I mentioned in my last post that I might do a list of some reasons why a certain library system isn't one of my favourites. Jen's comment that she didn't mind this system inspired me to do that list now. So here's my list of some reasons why I'm not a fan of LPL:
1. They hired an MBA as their “Chief Executive Officer”. I'm not against MBA-types running libraries (and think that, when they also have an MLIS, are often ideal for libraries). Otherwise, call me old-fashioned but I still believe the person who runs a library should have some knowledge of and connection to libraries.
2. They've got sponsors for most sections of their library and again, I'm not completely opposed as I know the realities of library funding. But everytime I go to the top of the escalator to the second floor and see the giant sign announcing “The General Motors Business Resource Centre”, I cringe. (On the other hand, bequests from families and non-profit organizations like the London Lions and the Friends of the London Library to sponsor certain sections seems a lot less…harmful? Conflicted? Problematic?)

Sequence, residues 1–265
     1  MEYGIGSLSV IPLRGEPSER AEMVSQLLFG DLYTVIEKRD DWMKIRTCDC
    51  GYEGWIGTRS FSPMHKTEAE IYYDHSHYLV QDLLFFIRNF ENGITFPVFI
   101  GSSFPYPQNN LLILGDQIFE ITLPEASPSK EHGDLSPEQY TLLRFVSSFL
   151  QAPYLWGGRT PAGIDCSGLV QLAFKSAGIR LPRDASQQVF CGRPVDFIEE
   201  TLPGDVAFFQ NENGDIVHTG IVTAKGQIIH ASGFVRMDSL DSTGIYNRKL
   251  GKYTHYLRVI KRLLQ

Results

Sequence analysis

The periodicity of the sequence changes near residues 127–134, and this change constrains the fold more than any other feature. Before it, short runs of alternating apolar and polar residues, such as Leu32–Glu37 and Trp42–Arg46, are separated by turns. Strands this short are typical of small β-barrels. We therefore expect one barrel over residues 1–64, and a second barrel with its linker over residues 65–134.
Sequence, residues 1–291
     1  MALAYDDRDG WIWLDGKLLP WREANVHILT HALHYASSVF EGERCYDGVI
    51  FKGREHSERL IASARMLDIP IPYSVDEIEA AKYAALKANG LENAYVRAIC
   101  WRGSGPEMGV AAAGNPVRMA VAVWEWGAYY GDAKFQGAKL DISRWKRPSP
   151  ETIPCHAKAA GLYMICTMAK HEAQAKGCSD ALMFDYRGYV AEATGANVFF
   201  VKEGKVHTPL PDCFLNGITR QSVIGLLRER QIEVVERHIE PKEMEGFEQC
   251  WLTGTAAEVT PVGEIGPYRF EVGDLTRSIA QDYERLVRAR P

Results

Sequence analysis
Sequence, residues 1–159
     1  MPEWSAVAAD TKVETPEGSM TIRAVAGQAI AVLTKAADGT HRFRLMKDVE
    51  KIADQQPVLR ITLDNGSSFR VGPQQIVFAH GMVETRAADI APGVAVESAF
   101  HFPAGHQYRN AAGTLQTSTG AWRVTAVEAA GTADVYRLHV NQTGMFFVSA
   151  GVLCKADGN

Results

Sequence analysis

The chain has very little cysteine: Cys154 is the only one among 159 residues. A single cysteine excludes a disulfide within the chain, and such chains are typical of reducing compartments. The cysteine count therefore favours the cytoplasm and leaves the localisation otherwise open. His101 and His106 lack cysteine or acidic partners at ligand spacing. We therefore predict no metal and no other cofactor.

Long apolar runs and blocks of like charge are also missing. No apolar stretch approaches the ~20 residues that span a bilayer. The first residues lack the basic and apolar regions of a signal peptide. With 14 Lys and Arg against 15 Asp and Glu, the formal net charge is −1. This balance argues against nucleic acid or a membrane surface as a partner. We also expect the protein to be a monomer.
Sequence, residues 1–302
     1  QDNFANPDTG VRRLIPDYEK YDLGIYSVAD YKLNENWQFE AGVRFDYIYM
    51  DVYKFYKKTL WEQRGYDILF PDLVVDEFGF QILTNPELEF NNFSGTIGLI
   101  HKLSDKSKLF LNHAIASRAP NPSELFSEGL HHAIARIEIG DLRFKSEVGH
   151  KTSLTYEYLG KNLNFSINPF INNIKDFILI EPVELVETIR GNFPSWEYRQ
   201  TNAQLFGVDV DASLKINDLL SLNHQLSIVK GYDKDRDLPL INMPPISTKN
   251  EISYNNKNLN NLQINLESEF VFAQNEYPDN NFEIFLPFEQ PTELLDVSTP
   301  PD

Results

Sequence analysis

3. In the main branch, except for the Rogers Media Studies section (there's that beautiful corporate synergy again!) and the coffee shop, the entire ground floor is dedicated to children's and teen services. This means adults looking for materials invariably have to go to the second (or third) floor before they'll find something of interest which doesn't seem very user-friendly in terms of design. [2006-09-26 edit to add: When you get to the other floors, there's no real “flow” the sections – they seem scattered about in “chunks” rather than naturally leading from one to another like I think a proper library should do.]